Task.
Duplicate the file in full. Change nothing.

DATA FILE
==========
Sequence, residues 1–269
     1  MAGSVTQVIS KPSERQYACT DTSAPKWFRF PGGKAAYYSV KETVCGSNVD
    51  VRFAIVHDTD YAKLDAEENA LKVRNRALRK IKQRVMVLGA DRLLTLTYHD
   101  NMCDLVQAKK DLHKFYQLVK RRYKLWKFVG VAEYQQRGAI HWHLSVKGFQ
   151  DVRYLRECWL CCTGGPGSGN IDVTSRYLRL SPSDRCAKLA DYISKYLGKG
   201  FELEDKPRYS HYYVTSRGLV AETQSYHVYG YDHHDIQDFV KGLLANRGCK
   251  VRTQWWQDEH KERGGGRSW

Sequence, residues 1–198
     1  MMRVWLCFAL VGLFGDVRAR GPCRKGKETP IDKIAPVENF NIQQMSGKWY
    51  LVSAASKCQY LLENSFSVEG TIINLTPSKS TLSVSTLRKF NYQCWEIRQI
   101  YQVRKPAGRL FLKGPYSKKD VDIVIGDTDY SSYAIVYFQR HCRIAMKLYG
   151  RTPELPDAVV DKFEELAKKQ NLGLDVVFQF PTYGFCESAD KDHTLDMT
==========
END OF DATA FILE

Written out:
Sequence, residues 1–269
     1  MAGSVTQVIS KPSERQYACT DTSAPKWFRF PGGKAAYYSV KETVCGSNVD
    51  VRFAIVHDTD YAKLDAEENA LKVRNRALRK IKQRVMVLGA DRLLTLTYHD
   101  NMCDLVQAKK DLHKFYQLVK RRYKLWKFVG VAEYQQRGAI HWHLSVKGFQ
   151  DVRYLRECWL CCTGGPGSGN IDVTSRYLRL SPSDRCAKLA DYISKYLGKG
   201  FELEDKPRYS HYYVTSRGLV AETQSYHVYG YDHHDIQDFV KGLLANRGCK
   251  VRTQWWQDEH KERGGGRSW

Sequence, residues 1–198
     1  MMRVWLCFAL VGLFGDVRAR GPCRKGKETP IDKIAPVENF NIQQMSGKWY
    51  LVSAASKCQY LLENSFSVEG TIINLTPSKS TLSVSTLRKF NYQCWEIRQI
   101  YQVRKPAGRL FLKGPYSKKD VDIVIGDTDY SSYAIVYFQR HCRIAMKLYG
   151  RTPELPDAVV DKFEELAKKQ NLGLDVVFQF PTYGFCESAD KDHTLDMT